Project Attain is a member of Sacramento’s K-16 program — a regional collaborative of higher education institutions, including UC Davis, Sacramento State, Los RiosCommunity College District, and County Offices of Education school districts, industry groups and community organizations across an eight-county region. As part of this collaborative, Project Attain works to develop specific pathways through education to direct career placement, leveraging grant dollars to build prototypes that can be applied across the region.

They do this work in direct partnership with local institutions where they have an office on campus to support comebackers in pursuit of their goals, like at Sacramento City College. 

Vice President of Instruction Devoun Stewart believes this boots-on-the-ground approach to educational attainment is a unique model and an opportunity for SCC to intentionally support adult learners by developing clear pathways for them through later-in-life higher education.

“We have some certificates and degrees at our colleges that for students who complete them, they are getting a salary and income, in some cases $100,000. … We have programs where students are being hired before they graduate,” Stewart said. “We really believe that this is the work we need to do to end, in some cases, generational poverty because once you have that credential in hand and start making that money, that’s going to be life-changing for your family, your community, and the larger economy overall.”

Regional Collaboration 

Attain advisers act as navigators for adult learners, pictured here with Executive Director Melanie Dixon (center). (Photo by Nick Shockey)

Dixon, also a former president of American River College, is Project Attain’s first official hire. Since taking the helm in August 2023, she has directed much of her energy to conduct strategic outreach in populations disproportionately impacted by lack of educational attainment like Latino, Black, Native American and refugee populations.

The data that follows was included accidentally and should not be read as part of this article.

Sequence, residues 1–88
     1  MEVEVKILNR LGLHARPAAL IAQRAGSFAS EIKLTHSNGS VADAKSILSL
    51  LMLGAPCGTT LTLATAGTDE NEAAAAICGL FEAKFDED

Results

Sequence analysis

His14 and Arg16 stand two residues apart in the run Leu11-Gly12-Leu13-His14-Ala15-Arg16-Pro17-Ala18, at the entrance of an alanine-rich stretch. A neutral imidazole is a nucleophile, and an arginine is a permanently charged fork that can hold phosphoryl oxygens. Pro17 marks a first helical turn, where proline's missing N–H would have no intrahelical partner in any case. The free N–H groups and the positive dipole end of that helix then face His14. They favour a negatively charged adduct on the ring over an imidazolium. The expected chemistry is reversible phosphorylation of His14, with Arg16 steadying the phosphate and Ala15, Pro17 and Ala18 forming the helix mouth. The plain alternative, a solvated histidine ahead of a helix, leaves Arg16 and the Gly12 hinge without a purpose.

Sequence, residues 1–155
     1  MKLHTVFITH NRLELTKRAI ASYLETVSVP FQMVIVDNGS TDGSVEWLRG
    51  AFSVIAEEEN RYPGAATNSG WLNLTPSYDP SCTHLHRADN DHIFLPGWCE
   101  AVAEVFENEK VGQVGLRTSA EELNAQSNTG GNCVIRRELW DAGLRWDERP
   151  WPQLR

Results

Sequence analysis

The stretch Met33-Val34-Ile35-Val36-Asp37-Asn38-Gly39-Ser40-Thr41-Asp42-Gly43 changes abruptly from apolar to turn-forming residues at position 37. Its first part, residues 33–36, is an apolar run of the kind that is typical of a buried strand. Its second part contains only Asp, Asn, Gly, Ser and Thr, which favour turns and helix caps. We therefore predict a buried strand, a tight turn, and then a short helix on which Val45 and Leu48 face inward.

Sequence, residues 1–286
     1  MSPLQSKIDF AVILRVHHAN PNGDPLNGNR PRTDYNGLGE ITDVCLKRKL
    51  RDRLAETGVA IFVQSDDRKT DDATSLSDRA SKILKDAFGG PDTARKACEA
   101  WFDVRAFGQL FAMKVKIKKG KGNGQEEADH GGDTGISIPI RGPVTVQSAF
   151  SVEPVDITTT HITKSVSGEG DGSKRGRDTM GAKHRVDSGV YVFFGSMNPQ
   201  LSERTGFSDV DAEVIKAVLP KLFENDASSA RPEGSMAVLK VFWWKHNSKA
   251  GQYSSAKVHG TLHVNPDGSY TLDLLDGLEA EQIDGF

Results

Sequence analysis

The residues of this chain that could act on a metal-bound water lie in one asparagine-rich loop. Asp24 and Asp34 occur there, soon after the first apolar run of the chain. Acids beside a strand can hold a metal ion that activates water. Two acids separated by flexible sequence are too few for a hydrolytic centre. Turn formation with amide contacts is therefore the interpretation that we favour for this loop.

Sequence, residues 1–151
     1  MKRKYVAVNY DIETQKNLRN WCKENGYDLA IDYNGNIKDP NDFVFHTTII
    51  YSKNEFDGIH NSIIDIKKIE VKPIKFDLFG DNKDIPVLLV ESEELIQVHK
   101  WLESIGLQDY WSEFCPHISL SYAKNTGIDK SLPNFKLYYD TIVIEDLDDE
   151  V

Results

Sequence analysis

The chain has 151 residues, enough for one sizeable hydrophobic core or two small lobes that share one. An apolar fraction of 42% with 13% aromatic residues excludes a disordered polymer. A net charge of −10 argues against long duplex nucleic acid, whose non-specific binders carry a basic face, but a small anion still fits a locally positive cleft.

Dixon sees the path through higher education as offering many robust challenges beyond just navigating enrollment, and said she hopes to build strong relationships with organizations addressing poverty, housing insecurity, and internship and apprenticeship gaps in the workforce.

“It’s really about regional collaboration. [We want to] utilize the resources we do have with some integrity and some fiduciary responsibility,” Dixon said, “Identifying and securing and honing in on the partnerships that support our work in the region, and then figuring out how we band ourselves together to do the good work of the region.” 

Project Attain currently partners with Valley Vision on policy and workforce attainment, California Competes for research around adult learners, academic probation, and re-establishing access back into institutions, and Inside Track, a national organization with regional roots for developing effective outreach strategies. 

Starting from a community-enhancement approach, Project Attain looks to build their education pathways that place adult learners on the path to fill talent gaps they have identified from key regional employers like SMUD, Kaiser Permanente, Accenture and Sutter Health.

“In terms of supporting our students, especially for [the] most marginalized student groups, I think it’s in our region and our economy’s best interests to be establishing clear and effective pipelines into some of these high-demand areas,” Stewart said, pointing to certificate programs and degrees SCC offers in STEM, computer science, aviation and health care fields.

Dixon stressed that improving pathways for adult learners means ensuring a better future for the community at large. 

“We want our residents to stay here, work here, play here, right? We want this to be the most wonderful region, and the way that you do that is [through] intentionality of how education feeds the market of the region and allows people that quality of life from the earning potential,” Dixon said. “Everybody wins.”

This story is part of the Solving Sacramento journalism collaborative. Solving Sacramento is supported by funding from the James Irvine Foundation and the James B. McClatchy Foundation. Our partners include California Groundbreakers, Capital Public Radio, Outword, Russian America Media, Sacramento Business Journal, Sacramento News & Review, Sacramento Observer and Univision 19. 

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1 Comment on "Project Attain seeks to close the education gap in adult learners in Sacramento region"

  1. Fantastic program! Congrats to grads!